New Yearís Day revelers jump into the
Upper Nemahbin Lake channel Jan. 1 during the polar bear jump held
at Nelsonís Channel Inn in the town of Summit. Nelsonís
Channel Inn is no longer open for business but the jumpers will be
at the channel Tuesday to once again take part in the icy ritual.
Splashing in the waters of the Upper
Nemahbin Lake channel, New Yearís Day revelers take part in the
polar bear jump held at Nelsonís Channel Inn in the town of
TOWN OF SUMMIT - After Nelsonís Channel Inn closed in August,
residents in the town of Summit were concerned the annual polar bear jump
into Upper Nemahbin Lake was doomed to extinction.
Tavern owners near the lake said by October they were beginning to
receive numerous phone calls and questions every day asking if they could
keep the tradition alive. Fortunately for them, Jeff Stoll, owner of
Stolleyís Hogg Alley, stepped forward to save the day.
"I just decided that the show must go on," Stoll said.
"And the funds will still be going to a good cause."
Stollís tavern is located on the Bark River, but the event will take
place at the old Nelsonís Channel Inn property at 34422 Delafield Road,
because the developer who owns it gave him permission to hold the event
Stoll said the event is important to the community, and because it acts
as a fundraiser for breast cancer research, it helps raise money for a
worthwhile cause. A minimum $20 donation is required to jump in the lake.
The Oconomowoc rugby club is also helping the event proceed, Stoll
said, because they provided a $250 donation and have volunteered to work
as security and will clean up.
The event almost didnít happen. Stoll said people began inquiring
about the event during the fall and he had to get approval from the town
well in advance. He was able to get approval on the last possible date.
"I didnít realize that there was this much support, but we kept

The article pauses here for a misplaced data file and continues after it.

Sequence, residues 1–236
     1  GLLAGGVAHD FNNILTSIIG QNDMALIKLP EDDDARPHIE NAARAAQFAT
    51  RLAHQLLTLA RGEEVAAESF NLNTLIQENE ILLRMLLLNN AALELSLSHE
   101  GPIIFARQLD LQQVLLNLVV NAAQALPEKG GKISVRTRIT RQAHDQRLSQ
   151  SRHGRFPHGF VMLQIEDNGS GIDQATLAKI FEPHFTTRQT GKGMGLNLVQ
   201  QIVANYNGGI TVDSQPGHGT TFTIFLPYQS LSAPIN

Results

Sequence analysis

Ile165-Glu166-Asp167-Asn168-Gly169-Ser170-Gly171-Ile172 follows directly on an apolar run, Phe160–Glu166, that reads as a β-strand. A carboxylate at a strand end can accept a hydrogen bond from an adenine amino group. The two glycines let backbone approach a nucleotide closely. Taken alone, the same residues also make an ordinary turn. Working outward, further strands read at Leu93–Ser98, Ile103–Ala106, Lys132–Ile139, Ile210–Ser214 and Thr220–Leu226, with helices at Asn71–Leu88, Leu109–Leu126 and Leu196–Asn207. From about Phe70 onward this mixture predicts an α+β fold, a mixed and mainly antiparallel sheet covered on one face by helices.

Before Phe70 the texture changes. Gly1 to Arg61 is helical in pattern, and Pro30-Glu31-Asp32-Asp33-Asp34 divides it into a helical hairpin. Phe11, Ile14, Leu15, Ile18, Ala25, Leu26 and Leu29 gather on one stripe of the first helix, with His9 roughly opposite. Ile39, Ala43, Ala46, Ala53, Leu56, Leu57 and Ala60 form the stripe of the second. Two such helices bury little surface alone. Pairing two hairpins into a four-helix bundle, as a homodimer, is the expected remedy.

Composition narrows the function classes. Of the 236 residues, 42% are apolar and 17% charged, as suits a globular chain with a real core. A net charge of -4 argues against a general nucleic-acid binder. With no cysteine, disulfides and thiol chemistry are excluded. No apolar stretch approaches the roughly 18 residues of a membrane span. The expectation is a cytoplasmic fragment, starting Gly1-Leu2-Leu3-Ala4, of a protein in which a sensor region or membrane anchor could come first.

getting calls and even (Christmas night) I had a guy in asking about it.
"I think people just wanted to know what was going on and because
there are still two bars in the area, it was expected that one of us had
to keep it going."
Stoll said he has not talked directly with Mike Nelson, former owner of
the Channel Inn, however he had talked to his wife to get materials on
organizing the event. Nelson couldnít be reached for comment.
While the town of Summit event is enjoying a revival, the annual polar
bear event in Muskego is expected to have a record turnout on New Yearís
The "Polar Plunge" at Muskego County Park drew 500 polar
bears and 500 to 700 spectators in 2007, and turnout is expected to exceed
that this year. Organizer Spring Breitzman said they have prepared larger
tents with more heat for swimmers.
Like the Summit event, proceeds go to charity. Last year Breitzman said
they raised $125,000 for the Special Olympics.
While Breitzman said she still hasnít taken the plunge herself, sheís
not surprised by the large number of Waukesha residents that are willing
to jump into freezing water for fun or the people who come out to watch.
"I think people are just intrigued by what it would be like to
jump into water that cold," she said. "Besides, it goes to a
good cause and I think that helps get people out there."
Joe Petrie can be reached at firstname.lastname@example.org